Clustering Versus Decision Trees 

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We are often asked why we favour the "bottom up" hierarchical clustering approach to "top down" splitting as used in decision tree segmentation.  We therefore offer this shortened critique of decision trees, to stimulate discussion.  For the full published article, see the reference at the end.

Astronomers will be familiar with the Hertzsprung-Russell diagram above, which shows visual stars plotted by their temperature and luminosity.  They called the stars in the main straggly sequence "dwarfs" and the stars in the clump at the top right "giants".  Sub-divisions to either side of these sequences are referred to as "super-giants", "sub-giants", "sub-dwarfs" and "white dwarfs".  The H-R diagram provided the initial focus for theories of stellar evolution throughout the 20th century.

A k-means analysis of the H-R diagram clusters closely associated points together and consigns "outliers" to a residue set of unclassified cases.  When optimizing the Euclidean Sum of Squares we obtain a "tessellation" of roughly spherically-shaped clusters covering the densest part of the scatter, which looks rather like this:

The two principal sequences are thus mapped by about 40 dense, compact clusters.  They are not actually spherical but are spherically-shaped convex polyhedra - we used circles in the diagram to illustrate the cluster tessellation.  Note that there are many points outside the tessellation - these are the outliers by k-means, an important reason for specifying an outlier threshold so as not to distort the shape of the main densely-populated clusters.

The tessellation now "describes" the main sequences quite accurately, and the two principal clusters ("giants" and "dwarfs") can be readily identified and separated using Single Linkage (see reference paper for full details).

We are now in a position to separate the two main cluster sequences and carry out further statistical analyses on them.  For example, we could calculate linear regressions on each cluster subset separately, as illustrated above, to identify the sub-structure and the inter-correlations between the variables for the giant and dwarf star sequences.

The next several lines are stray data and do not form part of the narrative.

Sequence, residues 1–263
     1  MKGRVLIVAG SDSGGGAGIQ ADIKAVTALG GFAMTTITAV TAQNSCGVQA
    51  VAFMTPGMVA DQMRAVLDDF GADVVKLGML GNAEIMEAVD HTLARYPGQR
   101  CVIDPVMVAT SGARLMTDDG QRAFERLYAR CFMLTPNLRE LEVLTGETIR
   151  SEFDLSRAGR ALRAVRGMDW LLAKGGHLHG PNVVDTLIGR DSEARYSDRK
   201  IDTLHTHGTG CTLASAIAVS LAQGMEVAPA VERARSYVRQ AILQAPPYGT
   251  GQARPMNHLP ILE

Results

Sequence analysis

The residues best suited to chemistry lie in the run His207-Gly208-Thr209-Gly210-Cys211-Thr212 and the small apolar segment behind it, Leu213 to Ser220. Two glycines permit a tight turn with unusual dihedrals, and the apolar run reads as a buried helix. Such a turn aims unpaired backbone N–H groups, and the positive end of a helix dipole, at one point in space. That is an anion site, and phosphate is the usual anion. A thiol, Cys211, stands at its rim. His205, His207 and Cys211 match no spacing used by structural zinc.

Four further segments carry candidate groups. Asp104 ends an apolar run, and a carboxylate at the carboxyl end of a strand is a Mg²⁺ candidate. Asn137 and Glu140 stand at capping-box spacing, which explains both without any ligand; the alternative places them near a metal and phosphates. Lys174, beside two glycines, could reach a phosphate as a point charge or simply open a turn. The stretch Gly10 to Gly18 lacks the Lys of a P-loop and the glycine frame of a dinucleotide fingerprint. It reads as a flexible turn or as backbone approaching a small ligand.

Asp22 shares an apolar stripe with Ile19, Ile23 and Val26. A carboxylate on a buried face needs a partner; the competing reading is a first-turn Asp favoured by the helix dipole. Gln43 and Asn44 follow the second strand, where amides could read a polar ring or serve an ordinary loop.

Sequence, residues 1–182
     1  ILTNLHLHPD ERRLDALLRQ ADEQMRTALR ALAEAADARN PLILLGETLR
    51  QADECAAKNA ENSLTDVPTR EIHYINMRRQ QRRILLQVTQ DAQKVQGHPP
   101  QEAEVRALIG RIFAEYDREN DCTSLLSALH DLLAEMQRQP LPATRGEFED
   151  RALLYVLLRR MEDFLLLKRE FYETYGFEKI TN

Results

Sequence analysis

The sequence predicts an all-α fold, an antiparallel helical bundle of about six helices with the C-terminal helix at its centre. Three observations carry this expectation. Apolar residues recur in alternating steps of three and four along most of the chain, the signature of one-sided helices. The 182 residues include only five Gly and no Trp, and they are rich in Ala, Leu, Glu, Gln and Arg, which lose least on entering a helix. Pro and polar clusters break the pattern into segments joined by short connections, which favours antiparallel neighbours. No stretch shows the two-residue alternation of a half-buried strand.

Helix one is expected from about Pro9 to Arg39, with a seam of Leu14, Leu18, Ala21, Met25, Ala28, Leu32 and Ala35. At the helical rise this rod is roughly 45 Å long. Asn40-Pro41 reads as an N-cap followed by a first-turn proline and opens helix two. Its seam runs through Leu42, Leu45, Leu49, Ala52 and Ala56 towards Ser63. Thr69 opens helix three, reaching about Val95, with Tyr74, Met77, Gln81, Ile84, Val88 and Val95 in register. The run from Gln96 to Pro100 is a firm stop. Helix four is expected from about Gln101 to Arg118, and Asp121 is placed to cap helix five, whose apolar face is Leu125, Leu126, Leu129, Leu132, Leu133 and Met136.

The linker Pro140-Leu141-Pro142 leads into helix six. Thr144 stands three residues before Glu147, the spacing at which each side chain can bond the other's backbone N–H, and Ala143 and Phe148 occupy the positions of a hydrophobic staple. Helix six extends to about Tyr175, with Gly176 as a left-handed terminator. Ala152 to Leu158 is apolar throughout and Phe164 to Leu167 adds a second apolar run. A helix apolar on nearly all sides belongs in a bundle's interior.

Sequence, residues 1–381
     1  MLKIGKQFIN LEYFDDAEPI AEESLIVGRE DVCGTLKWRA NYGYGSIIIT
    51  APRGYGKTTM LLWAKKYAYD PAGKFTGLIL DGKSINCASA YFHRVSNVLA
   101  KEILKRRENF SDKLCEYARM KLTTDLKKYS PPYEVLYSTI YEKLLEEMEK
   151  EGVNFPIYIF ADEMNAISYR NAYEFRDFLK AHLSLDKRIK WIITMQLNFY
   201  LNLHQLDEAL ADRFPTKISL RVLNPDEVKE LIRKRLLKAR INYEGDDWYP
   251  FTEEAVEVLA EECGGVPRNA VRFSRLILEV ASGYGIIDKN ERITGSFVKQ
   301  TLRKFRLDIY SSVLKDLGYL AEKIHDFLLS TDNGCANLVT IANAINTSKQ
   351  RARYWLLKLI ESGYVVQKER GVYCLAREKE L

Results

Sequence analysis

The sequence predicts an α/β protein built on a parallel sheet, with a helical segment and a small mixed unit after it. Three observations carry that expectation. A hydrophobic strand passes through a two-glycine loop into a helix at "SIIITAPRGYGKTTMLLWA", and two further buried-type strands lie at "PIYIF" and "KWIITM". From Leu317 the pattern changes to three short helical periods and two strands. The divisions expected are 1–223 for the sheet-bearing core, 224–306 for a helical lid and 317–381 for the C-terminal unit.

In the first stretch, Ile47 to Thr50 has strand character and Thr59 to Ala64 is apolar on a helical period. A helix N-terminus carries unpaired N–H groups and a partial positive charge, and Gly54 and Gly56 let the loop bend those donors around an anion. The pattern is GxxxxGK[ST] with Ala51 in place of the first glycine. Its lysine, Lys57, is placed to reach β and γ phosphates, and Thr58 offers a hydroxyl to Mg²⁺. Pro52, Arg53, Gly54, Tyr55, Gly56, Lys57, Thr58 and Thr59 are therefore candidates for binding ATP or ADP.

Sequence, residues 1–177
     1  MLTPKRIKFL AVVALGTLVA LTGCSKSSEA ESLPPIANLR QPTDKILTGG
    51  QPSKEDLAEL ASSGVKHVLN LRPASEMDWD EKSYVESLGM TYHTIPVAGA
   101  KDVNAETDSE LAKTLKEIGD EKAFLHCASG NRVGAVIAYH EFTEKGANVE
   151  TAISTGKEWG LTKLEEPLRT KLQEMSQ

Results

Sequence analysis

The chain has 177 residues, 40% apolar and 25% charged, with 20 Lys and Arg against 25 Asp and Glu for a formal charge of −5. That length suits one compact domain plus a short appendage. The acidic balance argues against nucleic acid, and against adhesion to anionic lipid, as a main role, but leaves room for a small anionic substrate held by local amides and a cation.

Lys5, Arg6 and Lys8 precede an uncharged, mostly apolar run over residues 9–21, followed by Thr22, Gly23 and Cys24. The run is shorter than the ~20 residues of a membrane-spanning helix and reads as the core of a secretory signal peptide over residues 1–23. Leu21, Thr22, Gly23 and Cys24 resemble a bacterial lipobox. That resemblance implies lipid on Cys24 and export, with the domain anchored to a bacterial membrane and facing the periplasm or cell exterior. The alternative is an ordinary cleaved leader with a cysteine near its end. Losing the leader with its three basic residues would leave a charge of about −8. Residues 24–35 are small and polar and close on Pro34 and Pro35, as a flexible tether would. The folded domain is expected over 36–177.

By comparison, a decision tree obtained by splitting first on Luminosity (cut value A) and second by Temperature (cut value B), or vice-versa, achieves little more than crudely splitting the scatter into 4 quarter segments.  The decision tree looks something like this:

It's true that the decision tree provides a simple key to identifying 4 groups of stars according to 4 quarter segments of the H-R diagram.   But in terms of stellar evolution this is crudely simplistic.  It certainly doesn't find the main dwarf star sequence as a single segment.  The cut values are, by definition, orthogonal to the co-ordinate axes.  Any shape that the clusters may have - such as arises where variables are correlated, as is evident in the dwarf star sequence - can thus go undetected by a decision tree.

The cluster analysis approach is multivariate, by definition, whereas the decision tree is univariate at each split.  In other words, clusters are formed by cluster analysis in terms of associations between all the active variables, not by splitting at each node on a single variable as in a decision tree.

It's little wonder that data miners resort to "boosting", "bagging" and cross-validation of different samples to try and find a "consensus" decision tree.  If the initial split at the first node cuts through a natural cluster (e.g. at luminosity = A) there's no hope of recovering the shape of the split cluster by a "top down" approach.

The reason data miners haven't used hierarchical cluster analysis to any substantive extent is that they don't have an efficient method that can handle thousands of cases.  But with Clustan, it's available now.  To find out how, see clustering large datasets.  Another factor is the ability to handle mixed data types - most clustering methods don't offer this flexibility.  But at Clustan, we recognize the need to deal with real-world problems.  Why should you have to force categorical data to behave like continuous variables, or categorize continuous variables to fit a c2 (chi-squared) analytical framework.  We aim to represent your data exactly as you present it to the program, and compile clusters without warping your data to fit the method.  There's a good case study in banking.

How we did it
The data for the H-R diagram were read into ClustanGraphics and clustered using k-means analysis with outlier deletion.  The cluster means for the resulting 80 clusters were saved, and a distance matrix was computed on them.   Single Linkage was now used to form a tree which separates the long straggly dwarf star sequence from the giant star sequence.  The tree obtained with ClustanGraphics at this final stage is shown at the right. Regression analysis on the two final clusters could now be carried out separately, using a suitable regression package.

This paper was first presented at Interface '98 and has been published in: Wishart, D (1998), Efficient hierarchical cluster analysis for data mining and knowledge discovery, Computing Science and Statistics, 30 , 257-264.  To download the paper as a zip file (65k), click here.